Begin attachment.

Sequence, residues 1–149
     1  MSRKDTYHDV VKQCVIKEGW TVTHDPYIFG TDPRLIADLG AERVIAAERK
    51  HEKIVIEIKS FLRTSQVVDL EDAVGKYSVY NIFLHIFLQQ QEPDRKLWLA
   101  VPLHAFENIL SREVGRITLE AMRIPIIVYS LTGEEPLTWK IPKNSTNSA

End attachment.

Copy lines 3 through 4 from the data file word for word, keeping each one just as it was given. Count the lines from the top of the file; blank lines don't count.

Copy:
    51  HEKIVIEIKS FLRTSQVVDL EDAVGKYSVY NIFLHIFLQQ QEPDRKLWLA
   101  VPLHAFENIL SREVGRITLE AMRIPIIVYS LTGEEPLTWK IPKNSTNSA